Peter Weber for The Week:
“If some millennial manages to become the next president of the United States — say, Facebook’s Mark Zuckerberg, who’s definitely not running — Generation X may have lost its shot at the Oval Office.
“It wouldn’t have been for lack of trying. In 2016, several representatives of the generation born between 1965 and 1980 (give or take a few years in either direction) took running leaps in the presidential primaries: Marco Rubio, Bobby Jindal, Scott Walker; Ted Cruz even gave Donald Trump a run for his money, and conservative independent candidate Evan McMullin was considered a real contender to win Utah’s six electoral votes.
“What would a Gen X president have to offer? You may still think of Generation X as the slackers from such ’90s classics as Singles, Reality Bites, and, well, Slackers. But that was then. Now, they’re the tough, no-nonsense former latchkey children. “Gen-X did not inherit the military structure of the Greatest Generation, the class structure of the Silent Generation, nor the automatic economic growth given to the baby boomers,” GOP consultant Brad Todd wrote in The Atlantic last year. “Instead, they inherited the latchkey kid autonomy that came from a skyrocketing divorce rate, and the adult career uncertainty ushered in by post-industrial economic transition.”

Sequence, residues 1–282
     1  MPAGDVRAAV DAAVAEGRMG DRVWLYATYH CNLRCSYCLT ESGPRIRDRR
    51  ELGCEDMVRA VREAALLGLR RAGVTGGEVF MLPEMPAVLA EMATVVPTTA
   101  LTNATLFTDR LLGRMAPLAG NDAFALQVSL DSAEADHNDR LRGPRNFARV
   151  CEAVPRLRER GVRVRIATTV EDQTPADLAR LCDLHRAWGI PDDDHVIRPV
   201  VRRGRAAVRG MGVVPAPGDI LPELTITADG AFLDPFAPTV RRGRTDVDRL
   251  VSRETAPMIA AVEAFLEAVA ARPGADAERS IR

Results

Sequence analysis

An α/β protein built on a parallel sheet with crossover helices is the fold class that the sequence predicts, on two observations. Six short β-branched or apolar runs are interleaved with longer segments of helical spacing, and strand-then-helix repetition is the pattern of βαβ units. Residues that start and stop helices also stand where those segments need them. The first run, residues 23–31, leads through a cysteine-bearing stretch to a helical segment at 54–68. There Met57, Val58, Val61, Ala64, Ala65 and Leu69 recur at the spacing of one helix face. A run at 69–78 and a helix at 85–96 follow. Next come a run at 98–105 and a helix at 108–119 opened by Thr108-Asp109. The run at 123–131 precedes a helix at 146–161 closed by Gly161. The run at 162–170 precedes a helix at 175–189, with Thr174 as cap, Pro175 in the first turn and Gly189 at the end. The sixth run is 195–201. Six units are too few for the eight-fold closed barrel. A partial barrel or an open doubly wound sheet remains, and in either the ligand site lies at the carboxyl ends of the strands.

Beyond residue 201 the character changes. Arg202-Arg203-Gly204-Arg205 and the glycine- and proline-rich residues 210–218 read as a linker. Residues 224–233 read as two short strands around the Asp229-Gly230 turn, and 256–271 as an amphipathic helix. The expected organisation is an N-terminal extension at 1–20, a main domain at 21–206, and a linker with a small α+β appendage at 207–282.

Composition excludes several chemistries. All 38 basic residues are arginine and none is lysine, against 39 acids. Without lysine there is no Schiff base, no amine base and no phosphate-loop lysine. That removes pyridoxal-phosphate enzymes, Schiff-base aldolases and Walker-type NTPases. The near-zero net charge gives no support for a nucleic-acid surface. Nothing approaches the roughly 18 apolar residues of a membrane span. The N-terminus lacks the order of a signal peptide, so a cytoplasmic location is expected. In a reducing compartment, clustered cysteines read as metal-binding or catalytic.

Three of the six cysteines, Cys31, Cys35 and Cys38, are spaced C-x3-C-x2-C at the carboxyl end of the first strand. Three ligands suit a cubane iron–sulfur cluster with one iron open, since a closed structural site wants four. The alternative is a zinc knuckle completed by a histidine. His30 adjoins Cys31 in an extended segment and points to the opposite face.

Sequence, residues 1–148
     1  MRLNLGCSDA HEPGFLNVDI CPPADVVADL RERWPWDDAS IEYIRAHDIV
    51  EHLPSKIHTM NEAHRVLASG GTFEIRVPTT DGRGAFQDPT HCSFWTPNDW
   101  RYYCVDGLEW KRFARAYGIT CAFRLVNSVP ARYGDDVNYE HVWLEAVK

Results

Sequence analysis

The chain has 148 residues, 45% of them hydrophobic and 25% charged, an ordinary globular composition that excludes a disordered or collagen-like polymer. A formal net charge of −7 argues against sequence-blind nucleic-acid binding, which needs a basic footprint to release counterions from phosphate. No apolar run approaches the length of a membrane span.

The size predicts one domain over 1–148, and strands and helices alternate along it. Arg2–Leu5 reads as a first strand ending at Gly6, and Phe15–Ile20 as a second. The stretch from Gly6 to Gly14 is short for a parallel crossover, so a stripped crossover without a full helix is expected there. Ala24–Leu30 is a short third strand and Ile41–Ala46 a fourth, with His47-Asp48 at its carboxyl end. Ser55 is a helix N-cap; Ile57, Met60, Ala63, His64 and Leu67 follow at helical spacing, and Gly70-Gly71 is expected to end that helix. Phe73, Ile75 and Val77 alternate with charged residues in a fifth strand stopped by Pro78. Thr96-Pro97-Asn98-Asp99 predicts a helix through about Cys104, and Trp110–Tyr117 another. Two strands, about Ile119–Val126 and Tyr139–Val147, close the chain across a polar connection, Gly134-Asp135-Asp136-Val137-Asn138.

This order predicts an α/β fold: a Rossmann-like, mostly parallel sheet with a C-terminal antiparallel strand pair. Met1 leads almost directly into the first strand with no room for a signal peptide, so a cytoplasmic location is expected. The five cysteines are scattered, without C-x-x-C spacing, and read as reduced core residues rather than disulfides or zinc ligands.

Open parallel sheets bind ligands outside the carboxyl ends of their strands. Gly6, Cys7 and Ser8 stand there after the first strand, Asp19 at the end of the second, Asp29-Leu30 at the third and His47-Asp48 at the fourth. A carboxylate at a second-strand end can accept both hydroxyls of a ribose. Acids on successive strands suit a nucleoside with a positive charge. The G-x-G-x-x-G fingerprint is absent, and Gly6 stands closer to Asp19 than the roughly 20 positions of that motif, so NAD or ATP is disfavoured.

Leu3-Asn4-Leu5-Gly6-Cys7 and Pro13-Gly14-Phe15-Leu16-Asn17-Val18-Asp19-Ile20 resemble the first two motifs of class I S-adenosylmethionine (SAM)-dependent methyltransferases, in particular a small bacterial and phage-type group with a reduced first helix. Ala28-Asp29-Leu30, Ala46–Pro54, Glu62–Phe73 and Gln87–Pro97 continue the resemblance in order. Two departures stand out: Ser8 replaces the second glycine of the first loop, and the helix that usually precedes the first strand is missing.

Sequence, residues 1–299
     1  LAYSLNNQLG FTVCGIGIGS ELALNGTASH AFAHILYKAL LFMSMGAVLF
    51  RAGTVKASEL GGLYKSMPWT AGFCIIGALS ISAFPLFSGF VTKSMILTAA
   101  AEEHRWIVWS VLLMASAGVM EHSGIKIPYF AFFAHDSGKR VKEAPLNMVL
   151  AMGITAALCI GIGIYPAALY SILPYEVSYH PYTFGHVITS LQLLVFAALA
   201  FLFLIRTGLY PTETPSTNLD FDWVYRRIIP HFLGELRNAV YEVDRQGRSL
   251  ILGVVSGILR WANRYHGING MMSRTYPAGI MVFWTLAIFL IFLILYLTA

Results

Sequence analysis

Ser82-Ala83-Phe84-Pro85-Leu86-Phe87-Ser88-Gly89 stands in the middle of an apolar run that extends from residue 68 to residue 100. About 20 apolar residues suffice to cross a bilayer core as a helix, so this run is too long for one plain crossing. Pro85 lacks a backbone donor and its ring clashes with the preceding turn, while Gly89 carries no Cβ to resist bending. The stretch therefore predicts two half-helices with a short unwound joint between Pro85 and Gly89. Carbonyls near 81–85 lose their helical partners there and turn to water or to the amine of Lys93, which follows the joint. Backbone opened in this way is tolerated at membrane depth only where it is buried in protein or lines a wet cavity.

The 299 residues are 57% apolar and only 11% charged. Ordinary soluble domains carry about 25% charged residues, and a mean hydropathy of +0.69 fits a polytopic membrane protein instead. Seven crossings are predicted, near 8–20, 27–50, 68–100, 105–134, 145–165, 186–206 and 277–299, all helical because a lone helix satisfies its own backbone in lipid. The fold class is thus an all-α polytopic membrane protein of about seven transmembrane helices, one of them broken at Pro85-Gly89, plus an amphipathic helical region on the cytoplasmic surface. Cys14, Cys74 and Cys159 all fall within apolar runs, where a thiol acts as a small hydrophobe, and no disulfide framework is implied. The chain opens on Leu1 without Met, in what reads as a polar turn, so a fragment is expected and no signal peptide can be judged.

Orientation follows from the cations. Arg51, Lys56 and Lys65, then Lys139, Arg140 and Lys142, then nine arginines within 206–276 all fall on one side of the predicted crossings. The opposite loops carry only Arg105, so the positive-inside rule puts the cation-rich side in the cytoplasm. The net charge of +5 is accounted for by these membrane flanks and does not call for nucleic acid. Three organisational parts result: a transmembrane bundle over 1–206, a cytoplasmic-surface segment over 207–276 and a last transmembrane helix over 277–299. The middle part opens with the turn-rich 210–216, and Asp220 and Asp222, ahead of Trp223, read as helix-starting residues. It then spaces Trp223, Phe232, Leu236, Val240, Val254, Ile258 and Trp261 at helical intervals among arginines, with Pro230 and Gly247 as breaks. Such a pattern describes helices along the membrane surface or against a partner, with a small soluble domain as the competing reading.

“As a generation, Pew tells us, Gen X is politically about halfway between the more conservative boomers and the more liberal millennials — whether that’s a shifting-right-with-age phenomenon or something deeper is presumably to be determined. But it seems more complicated than simply occupying the political center. “It was Gen Xers who popularized the phrase ‘socially liberal, economically conservative,'” generational researcher David Rosen wrote at Politico in January 2016, “an ideological orientation reflecting their underlying distaste for authority.”